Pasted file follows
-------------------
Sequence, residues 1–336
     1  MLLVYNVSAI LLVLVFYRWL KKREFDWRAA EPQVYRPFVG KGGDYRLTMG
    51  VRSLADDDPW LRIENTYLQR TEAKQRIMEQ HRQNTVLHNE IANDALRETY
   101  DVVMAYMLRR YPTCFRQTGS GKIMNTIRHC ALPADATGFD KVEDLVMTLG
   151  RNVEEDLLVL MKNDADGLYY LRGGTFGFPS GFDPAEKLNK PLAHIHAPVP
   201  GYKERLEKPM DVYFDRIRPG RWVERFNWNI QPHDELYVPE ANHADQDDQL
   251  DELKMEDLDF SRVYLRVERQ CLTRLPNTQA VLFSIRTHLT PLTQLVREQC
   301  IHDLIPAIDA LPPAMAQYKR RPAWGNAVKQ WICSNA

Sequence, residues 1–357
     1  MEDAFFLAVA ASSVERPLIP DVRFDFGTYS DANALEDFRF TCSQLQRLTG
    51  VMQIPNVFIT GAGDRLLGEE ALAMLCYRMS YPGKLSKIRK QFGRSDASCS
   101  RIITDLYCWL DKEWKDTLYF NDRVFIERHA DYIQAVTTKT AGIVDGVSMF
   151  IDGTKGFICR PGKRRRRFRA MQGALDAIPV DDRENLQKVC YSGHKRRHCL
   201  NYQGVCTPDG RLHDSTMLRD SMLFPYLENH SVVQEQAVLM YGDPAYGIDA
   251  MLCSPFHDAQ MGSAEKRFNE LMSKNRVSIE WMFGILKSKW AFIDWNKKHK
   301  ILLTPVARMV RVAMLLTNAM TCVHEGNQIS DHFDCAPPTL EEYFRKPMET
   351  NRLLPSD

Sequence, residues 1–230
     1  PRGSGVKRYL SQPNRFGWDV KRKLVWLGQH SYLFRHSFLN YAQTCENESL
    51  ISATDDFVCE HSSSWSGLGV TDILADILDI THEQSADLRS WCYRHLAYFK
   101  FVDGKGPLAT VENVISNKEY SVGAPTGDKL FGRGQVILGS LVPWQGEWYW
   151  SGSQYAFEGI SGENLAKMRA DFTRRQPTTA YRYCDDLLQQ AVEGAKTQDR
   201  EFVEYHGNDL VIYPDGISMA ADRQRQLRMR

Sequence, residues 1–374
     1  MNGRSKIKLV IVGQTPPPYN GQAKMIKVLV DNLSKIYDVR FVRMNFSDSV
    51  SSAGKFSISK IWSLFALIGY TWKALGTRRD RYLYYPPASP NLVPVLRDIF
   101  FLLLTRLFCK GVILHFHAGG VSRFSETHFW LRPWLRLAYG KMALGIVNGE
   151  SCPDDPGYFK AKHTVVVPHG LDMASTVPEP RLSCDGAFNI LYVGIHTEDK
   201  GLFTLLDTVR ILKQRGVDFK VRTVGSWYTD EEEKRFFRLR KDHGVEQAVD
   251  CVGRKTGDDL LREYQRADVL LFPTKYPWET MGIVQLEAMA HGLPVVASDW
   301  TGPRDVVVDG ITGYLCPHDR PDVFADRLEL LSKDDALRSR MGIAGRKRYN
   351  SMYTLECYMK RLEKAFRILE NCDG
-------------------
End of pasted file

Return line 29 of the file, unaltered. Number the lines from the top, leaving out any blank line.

   201  GLFTLLDTVR ILKQRGVDFK VRTVGSWYTD EEEKRFFRLR KDHGVEQAVD